Eid-eh Shoma Mobarak: Nowruz, the Iranian New Year, is celebrated in many parts of the world, as in New York City's annual Persian Parade. (Mario Tama/Getty Images)
The world is atwitter over Barak Obama's "New Day" message to Iranians, in which he uses the Nowruz celebration as an occasion to turn the page on 30 years of poisoned Iranian-American relations. More on that in a subsequent post. But first, what is Nowrūz?
Meaning "New Day" in its rich and various spellings, Nowruz (accent that u for flavored pronunciation) is the big bang of Persian-Iranian and Central Asian holidays. It marks the new year as symbolized by the vernal equinox, the beginning of spring.
The holiday's exact origins are unknown as it dates back some 3,000 years to Zoroastrian tradition and Persian mythology, well before the Islamic era. After the 1979 Islamic revolution, Ayatollah Ruholla Khomeini tried to stamp out Nowruz celebrations, deeming them (because of their Zoroastrian past), un-Islamic. He failed. The holiday is too embedded in Iranian culture, too beloved and too joyful as well, to bow to the mud-stuck dourness of the ayatollahs.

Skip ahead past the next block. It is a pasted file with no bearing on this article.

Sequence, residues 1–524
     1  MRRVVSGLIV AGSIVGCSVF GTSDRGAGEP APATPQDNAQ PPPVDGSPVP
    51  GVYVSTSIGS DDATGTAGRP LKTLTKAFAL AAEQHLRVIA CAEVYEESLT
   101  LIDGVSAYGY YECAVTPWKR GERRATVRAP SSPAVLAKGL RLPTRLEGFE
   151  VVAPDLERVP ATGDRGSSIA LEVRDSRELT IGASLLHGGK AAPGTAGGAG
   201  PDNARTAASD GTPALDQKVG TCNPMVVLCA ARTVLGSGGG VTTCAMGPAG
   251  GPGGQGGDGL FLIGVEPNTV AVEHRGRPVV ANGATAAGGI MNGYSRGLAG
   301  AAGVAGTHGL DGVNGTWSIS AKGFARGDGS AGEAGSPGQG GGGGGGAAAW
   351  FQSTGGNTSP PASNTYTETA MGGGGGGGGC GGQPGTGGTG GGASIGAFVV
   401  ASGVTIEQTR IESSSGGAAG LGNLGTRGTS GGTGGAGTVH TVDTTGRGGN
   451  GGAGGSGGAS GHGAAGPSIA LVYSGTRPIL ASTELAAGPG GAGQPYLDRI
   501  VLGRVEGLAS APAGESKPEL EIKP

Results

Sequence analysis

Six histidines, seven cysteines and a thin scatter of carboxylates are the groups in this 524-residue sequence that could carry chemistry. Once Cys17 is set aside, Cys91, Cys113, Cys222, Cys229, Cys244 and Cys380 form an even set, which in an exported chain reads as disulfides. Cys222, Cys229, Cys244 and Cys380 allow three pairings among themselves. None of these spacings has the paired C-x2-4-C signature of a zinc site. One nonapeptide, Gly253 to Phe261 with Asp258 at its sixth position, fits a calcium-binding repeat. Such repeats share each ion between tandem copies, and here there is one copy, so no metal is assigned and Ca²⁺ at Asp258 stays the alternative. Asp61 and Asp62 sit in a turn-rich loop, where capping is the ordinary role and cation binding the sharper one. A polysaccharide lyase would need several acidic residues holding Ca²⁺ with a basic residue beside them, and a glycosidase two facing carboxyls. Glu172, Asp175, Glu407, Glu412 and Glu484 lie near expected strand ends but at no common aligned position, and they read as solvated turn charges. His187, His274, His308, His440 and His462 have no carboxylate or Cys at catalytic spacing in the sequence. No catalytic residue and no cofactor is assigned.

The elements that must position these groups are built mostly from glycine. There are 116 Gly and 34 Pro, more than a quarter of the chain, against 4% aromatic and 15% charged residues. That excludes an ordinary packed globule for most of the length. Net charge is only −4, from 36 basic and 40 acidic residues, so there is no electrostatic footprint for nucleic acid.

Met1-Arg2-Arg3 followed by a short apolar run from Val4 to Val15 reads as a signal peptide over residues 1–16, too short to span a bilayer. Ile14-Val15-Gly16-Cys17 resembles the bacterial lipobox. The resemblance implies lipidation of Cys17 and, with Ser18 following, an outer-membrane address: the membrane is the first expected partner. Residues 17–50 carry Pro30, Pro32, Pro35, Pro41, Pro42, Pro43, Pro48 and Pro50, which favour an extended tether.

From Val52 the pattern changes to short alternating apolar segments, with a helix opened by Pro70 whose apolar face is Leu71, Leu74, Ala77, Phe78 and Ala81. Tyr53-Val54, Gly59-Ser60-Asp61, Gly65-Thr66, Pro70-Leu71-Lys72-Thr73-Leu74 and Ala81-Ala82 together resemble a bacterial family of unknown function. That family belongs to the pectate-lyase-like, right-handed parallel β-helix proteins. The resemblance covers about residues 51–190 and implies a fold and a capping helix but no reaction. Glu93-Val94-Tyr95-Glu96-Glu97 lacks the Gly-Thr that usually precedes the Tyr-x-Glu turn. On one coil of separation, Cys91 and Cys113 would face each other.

In 2006, the regime attempted to douse the celebration in mourning, urging Iranians not to show joy because the holiday fell on the 40th day after the anniversary of Imam Hussein's death. Iranians ignored that call, too, suggesting that the Norwuz celebration has taken on a more political subtext than a mere whirl to tradition. "I think these days, there is a silent resistance in Iran, especially among the middle class," Hamidreza Jalaipour, a sociologist, told The New York Times that year. "They are resisting not politically, but socially and culturally."
Bonfires, hectic spring cleaning known as Khoune Takouni (which means "shaking the house"), buying and wearing new clothes and stacks of sweets, and shuttling between the houses of friends and family are all part of the Nowrūz ritual.
Though an especially Persian holiday, Nowruz was celebrated by Mesopotamia's ancient civilizations from Sumer to Babylon, from Elam to Akkad. It influenced Christianity, Judaism and Islam (each religion threads various theologies on the notions of dark, light and rebirth) and today is celebrated in Afghanistan, Turkey, Kurdistan and beyond. A March 22, 1930 article in The Times I came across by chance notes how the Persian Legation in wasghington always marked the holiday with a celebration to which the city's dignitaries were usually invited en masse. That year, however, the celebration at the legation was canceled owing to the death of His Rotundity, Chief Justice William Howard Taft.